"The use of the Immersive Technologies’ Advanced Equipment Simulator was essential."
Approximately 40 per cent of the mine’s haul truck drivers are local women, many of whom hadn’t driven a vehicle before gaining employment at Peñasquito.
Facundo Arano said about 300 equipment operators had been trained with the simulator since 2007. He described simulator training as the ‘core’ of the mine’s training strategy, with the heavily used simulator often running 11 hours a day and about 300 hours a month.
The mine’s Immersive Technologies training simulator has ‘Conversion Kit’ equipment modules for the Komatsu WA1200 wheel loader, 930E haul truck and 495BII Bucyrus shovel.
"I was hired here in this role because of my simulator training experience and certifications," he said. Arano has close to 6 years of simulator training experience, previously having worked for AngloGold Ashanti and Barrick Gold Corporation, both which also utilise Immersive Technologies’ simulators.
"The technology is a tremendous advantage to us, not only in terms of its value at a greenfields site where there is a lack of basic skills in the pool of available mine workers, and therefore as an assessment and early training tool, but also in terms of ongoing skills development and improvement."
"The simulator offers a very realistic training experience. We can train loader operators in the areas of safe loading distance and stability control."
"We train truck operators to operate the vehicles in a way that impacts positively on safety, productivity and maintenance. Similarly the shovels."
"This technology has saved a significant amount of [training] time and money, and certainly helped us in achieving excellent safety levels."
Earlier this year the mine passed 5.5 million man hours worked without a lost time incident or injury.
"Through the [use of] simulator we have been in a position to demonstrate to the operator areas to improve, such as winning seconds in loading areas, and running competitions between operators to achieve perfect scores in angles and timing in specific areas," Arano said.
"Doing this we pass from a productivity by truck of 7,000 tonnes a day to 10,500t/day in 36 months, with a curve of improving of 20 per cent in the first year, 18 per cent in the second year and 12 per cent during the last 12 months."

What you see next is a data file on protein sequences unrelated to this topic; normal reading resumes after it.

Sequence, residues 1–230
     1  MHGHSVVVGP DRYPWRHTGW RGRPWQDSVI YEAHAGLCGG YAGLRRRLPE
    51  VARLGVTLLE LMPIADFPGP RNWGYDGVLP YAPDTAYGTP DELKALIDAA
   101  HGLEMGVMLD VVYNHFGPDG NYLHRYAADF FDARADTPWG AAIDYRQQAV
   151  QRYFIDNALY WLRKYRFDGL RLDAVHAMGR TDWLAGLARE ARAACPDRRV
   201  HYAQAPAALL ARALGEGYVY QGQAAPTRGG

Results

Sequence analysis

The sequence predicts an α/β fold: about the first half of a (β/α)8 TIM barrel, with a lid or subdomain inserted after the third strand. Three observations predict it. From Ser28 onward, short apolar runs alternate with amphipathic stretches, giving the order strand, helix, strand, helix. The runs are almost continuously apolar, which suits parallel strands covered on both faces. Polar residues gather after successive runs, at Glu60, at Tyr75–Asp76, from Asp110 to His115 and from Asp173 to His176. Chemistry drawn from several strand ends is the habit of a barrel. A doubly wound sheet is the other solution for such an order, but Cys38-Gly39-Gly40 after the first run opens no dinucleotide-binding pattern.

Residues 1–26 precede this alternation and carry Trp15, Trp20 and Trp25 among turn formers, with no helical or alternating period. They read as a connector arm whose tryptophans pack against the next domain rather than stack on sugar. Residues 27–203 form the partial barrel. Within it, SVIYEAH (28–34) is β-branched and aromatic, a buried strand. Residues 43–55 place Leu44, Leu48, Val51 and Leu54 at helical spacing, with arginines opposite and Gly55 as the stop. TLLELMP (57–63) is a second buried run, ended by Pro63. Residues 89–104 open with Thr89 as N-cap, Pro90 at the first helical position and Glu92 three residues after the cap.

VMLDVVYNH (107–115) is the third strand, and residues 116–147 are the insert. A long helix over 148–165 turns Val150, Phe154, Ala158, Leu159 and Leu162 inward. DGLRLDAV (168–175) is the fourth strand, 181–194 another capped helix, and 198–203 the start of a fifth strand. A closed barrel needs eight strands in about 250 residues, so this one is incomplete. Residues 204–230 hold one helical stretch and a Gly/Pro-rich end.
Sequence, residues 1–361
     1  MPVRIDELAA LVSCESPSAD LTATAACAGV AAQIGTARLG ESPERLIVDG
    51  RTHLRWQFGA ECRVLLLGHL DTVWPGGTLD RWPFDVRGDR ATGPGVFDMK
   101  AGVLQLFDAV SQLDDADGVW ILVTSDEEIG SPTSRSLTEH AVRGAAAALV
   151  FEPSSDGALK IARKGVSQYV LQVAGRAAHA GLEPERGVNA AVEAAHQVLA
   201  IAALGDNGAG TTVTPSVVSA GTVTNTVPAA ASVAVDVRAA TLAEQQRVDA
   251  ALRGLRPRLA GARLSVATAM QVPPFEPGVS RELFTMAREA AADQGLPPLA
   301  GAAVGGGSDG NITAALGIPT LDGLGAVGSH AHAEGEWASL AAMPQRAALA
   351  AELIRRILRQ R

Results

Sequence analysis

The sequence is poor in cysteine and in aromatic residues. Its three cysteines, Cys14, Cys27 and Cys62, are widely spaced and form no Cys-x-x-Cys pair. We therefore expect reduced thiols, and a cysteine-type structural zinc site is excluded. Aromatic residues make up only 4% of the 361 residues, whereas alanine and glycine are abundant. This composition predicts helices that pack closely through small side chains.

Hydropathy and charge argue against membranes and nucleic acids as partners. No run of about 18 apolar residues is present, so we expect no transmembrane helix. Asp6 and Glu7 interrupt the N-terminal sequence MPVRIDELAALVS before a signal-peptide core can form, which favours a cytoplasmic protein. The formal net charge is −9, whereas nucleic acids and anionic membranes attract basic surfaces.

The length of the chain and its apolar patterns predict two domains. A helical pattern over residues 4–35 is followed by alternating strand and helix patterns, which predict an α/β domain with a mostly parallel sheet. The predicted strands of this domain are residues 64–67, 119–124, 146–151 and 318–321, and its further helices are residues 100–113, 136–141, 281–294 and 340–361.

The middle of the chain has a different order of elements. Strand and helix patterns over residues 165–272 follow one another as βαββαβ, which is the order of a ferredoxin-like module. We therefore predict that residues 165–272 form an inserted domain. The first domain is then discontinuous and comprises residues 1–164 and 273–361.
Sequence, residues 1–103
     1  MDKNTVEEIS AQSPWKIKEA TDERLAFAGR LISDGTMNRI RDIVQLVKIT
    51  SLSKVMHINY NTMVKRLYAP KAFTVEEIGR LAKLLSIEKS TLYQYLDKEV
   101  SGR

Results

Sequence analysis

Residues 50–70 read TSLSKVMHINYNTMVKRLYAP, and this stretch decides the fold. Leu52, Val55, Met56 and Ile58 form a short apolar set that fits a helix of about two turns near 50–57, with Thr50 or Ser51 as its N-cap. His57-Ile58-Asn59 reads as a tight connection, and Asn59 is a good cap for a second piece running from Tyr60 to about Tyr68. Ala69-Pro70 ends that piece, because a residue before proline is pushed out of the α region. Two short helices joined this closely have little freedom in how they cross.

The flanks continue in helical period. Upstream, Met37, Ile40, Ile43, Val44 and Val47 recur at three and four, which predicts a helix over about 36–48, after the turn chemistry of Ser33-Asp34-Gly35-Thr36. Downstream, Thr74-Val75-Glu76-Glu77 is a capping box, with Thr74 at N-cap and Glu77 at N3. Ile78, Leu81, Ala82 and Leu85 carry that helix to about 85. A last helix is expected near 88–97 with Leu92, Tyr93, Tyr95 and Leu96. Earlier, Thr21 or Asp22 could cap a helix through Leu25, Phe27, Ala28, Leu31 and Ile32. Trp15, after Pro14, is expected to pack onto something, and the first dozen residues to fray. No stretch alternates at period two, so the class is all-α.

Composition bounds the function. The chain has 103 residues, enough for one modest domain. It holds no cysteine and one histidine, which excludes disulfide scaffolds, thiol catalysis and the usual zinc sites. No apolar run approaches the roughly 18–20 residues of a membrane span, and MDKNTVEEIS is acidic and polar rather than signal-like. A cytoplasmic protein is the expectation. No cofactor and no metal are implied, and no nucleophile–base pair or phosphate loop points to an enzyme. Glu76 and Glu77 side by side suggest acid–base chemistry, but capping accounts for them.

"We measure this through the dispatch system with real time data."
Arano said nine different key performance indicators were employed to measure the behavior of operators.
"Each one can cause damage to the equipment," he said.
"During the last 18 months – we started to download this information from the trucks in February 2009 – we achieved 12 times less events."
"For example, one of the events measured is the use of the [truck] service brake over 13 kilometers per hour. We have moved from an average of 45 events to six per month."
Arano believes simulator training of haul truck drivers has also had a significant impact on heavy earthmover tyre life, with all the Peñasquito fleet running on expensive Michelin and Bridgestone radial tyres.
"The factory specification is around 7000 hours. Our record is over 15,000 hours with an average life of 12,000 hours."
He says simulator training has helped make Peñasquito one of the leading mines in the world based on the production rate and productivity and safety levels recorded to date.
"I would say we are top 10," he said.
A recent simulator baseline assessment followed by reassessment of about 150 experienced haul truck drivers conducted over a six-month period supports Arano’s view that Peñasquito’s performance levels will continue to improve.
Analysed data from the period, in which operators participated in six structured training scenarios, indicated an average improvement across 70 haul truck errors (for the Komatsu 930E-4) of 84.73 per cent from initial baseline assessment to reassessment. The initial baseline scenario being measured against the final scenario assessment to obtain the improvement figures.
"Safety is number one among our goals," Arano said.
"We are continuing to see improvement in the performance of our operators, which means Peñasquito will play a part in Goldcorp’s aim to be the lowest cost producer."
"But we also have people who not long ago did not work in a mine who have been taught, and are now still being taught, to operate the [industry’s] most advanced equipment as safely as can be managed."
"That is a very good way to start a new mine that is going to be part of a community for a long time."